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Islamic leaders call for protests
10-30-2006, 09:17 PM
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Islamic leaders call for protests
ISLAMABAD, Pakistan (AP) -- Islamic leaders have blamed the United States for a military attack on a religious school Monday that killed 80 people in one of the deadliest attacks yet against suspected militants in Pakistan.
The leaders have called for nationwide demonstrations to condemn the attack that flattened the school -- known as a madrassa -- and ripped apart those inside.
Pakistani troops backed by missile-firing helicopters struck the religious school, which was purportedly being used as an al Qaeda training center.
Furious villagers and religious leaders said the predawn missile barrage killed innocent students and teachers.
U.S. and Pakistani military officials have denied American involvement in the strike.
But Pakistan's top Islamic political leader said American planes were used in the strike and called for nationwide protests Tuesday.
Fears are high that the attack will fan unrest across Pakistan, which witnessed violent protests this year after European newspapers published cartoons of Islam's Prophet Mohammed, as well as the August killing of an ethnic-Baluch tribal chief in another Pakistani military raid.
An al Qaeda-linked militant who apparently was a primary target of the strike had left the building a half hour before, a Pakistani official said.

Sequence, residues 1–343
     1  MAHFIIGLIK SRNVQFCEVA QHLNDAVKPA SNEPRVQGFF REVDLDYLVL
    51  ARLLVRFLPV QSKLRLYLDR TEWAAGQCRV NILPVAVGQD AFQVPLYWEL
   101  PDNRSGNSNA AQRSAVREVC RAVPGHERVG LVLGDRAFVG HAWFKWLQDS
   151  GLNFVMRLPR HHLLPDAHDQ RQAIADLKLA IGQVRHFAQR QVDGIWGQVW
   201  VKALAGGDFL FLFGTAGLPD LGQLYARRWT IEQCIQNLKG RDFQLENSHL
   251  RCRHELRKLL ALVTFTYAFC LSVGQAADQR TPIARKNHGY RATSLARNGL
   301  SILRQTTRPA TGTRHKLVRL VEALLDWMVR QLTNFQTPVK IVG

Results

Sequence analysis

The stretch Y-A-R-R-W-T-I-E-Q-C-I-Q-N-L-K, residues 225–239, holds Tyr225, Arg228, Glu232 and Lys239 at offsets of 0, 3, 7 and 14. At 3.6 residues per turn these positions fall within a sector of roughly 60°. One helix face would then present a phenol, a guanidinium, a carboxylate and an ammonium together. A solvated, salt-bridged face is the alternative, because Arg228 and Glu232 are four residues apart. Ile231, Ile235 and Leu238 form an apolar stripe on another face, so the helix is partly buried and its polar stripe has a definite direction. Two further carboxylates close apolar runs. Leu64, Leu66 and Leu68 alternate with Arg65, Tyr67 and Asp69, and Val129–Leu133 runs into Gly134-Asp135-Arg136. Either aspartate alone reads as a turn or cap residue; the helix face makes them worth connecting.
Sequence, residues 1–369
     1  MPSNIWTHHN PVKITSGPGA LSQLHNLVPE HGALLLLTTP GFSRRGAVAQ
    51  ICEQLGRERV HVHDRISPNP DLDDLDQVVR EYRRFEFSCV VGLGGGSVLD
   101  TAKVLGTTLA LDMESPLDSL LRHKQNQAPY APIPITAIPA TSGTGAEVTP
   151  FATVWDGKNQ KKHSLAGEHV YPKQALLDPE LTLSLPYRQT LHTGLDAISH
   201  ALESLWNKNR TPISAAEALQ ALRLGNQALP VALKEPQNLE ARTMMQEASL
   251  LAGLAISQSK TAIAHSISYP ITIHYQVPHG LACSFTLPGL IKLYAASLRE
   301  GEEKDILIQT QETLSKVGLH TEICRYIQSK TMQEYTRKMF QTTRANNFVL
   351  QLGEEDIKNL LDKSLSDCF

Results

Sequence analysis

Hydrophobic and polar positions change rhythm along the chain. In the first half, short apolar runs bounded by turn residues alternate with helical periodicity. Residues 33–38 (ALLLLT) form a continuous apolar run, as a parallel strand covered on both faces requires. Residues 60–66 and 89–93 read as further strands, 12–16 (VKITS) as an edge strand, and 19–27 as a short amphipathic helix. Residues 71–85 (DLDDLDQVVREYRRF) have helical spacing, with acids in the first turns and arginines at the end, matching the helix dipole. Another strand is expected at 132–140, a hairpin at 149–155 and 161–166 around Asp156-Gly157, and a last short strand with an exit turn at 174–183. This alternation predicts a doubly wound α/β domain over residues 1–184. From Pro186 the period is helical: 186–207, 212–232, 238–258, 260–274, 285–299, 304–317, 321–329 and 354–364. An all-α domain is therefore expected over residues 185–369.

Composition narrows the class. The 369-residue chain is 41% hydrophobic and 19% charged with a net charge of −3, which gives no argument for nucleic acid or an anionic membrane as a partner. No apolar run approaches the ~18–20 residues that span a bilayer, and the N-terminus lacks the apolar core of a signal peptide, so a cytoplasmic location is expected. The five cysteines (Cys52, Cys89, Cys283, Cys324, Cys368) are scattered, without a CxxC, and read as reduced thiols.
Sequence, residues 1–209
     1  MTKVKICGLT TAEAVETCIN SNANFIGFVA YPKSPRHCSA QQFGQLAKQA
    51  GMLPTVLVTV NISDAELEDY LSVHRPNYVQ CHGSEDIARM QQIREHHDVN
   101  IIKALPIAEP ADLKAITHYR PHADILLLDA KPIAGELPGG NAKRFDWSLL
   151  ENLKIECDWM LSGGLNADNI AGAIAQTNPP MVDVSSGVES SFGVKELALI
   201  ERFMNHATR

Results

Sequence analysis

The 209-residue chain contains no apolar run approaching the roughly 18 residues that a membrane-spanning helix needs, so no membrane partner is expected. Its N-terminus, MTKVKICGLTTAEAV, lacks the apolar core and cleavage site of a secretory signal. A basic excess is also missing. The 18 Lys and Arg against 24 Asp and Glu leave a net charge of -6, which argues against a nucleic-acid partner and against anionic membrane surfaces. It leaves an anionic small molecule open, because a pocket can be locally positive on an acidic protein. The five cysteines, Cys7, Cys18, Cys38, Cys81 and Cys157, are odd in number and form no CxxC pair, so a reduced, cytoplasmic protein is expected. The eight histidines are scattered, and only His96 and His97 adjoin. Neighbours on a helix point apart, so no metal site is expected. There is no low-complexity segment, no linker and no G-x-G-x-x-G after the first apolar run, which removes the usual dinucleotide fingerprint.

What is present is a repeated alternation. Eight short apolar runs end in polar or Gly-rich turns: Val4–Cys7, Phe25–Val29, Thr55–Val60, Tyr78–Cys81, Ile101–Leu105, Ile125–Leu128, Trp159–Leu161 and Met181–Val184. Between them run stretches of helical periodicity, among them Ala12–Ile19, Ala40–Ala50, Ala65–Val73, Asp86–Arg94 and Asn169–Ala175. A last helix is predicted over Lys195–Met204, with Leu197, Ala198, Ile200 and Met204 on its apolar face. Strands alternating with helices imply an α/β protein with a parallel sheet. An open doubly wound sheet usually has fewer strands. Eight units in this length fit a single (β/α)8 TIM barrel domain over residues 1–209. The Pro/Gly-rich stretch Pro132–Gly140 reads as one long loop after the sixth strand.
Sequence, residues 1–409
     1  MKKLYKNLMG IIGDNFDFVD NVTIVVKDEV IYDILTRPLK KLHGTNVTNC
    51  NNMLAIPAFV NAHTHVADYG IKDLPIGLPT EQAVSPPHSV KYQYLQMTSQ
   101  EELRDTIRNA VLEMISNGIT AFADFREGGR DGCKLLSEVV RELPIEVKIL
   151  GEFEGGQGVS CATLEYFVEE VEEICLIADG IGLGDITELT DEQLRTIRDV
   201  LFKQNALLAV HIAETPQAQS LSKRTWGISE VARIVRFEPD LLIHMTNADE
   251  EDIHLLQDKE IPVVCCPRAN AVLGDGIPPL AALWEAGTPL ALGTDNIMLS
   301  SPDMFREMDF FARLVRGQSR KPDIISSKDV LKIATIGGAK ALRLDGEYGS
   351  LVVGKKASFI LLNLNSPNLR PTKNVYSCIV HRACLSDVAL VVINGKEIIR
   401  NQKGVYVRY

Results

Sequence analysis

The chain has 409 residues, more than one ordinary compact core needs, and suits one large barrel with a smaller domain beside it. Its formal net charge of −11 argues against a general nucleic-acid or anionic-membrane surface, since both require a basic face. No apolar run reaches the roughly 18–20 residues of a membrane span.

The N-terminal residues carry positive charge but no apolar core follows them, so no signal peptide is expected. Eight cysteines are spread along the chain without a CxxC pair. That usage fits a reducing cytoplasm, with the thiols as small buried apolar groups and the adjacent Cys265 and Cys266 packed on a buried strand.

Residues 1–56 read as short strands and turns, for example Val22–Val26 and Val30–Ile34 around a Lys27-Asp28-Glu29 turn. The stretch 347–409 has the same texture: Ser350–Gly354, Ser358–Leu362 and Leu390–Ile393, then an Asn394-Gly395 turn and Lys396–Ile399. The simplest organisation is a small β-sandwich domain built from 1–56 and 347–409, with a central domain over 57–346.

Anger over the missile strike scuppered the signing of a peace accord, expected Monday, between tribal elders linked to militants. The United States has urged Pakistani President Gen. Pervez Musharraf to do more to stop militants from crossing from tribal regions into Afghanistan, where Taliban-fanned violence has reached its deadliest proportions since the American-led invasion in 2001.
Musharraf, along with Afghan President Hamid Karzai, met with President Bush last month in Washington to address the issue.
Helicopter gunships fired four to five missiles into the madrassa in Chingai, said army spokesman Maj. Gen. Shaukat Sultan. The blasts tore apart the building and all inside, spraying body parts, blood and debris across a wide area.
Sultan said initial estimates indicate the attack killed about 80 suspected militants from Pakistan and other countries. Only three people -- all seriously wounded -- were believed to have survived, a hospital official said.
"These militants were involved in actions inside Pakistan and probably in Afghanistan," Sultan told The Associated Press.
Sultan said the attack was launched after those in charge of the building refused warnings to close it down.
Among those killed was Liaquat Hussain, a Pakistani cleric and associate of al Qaeda No. 2 Ayman al-Zawahiri, locals and an intelligence official said. Another al-Zawahiri deputy, Faqir Mohammed, was believed to have been in the madrassa and left 30 minutes before the strike, according to the official, who spoke on condition of anonymity because he was unauthorized to speak to the media.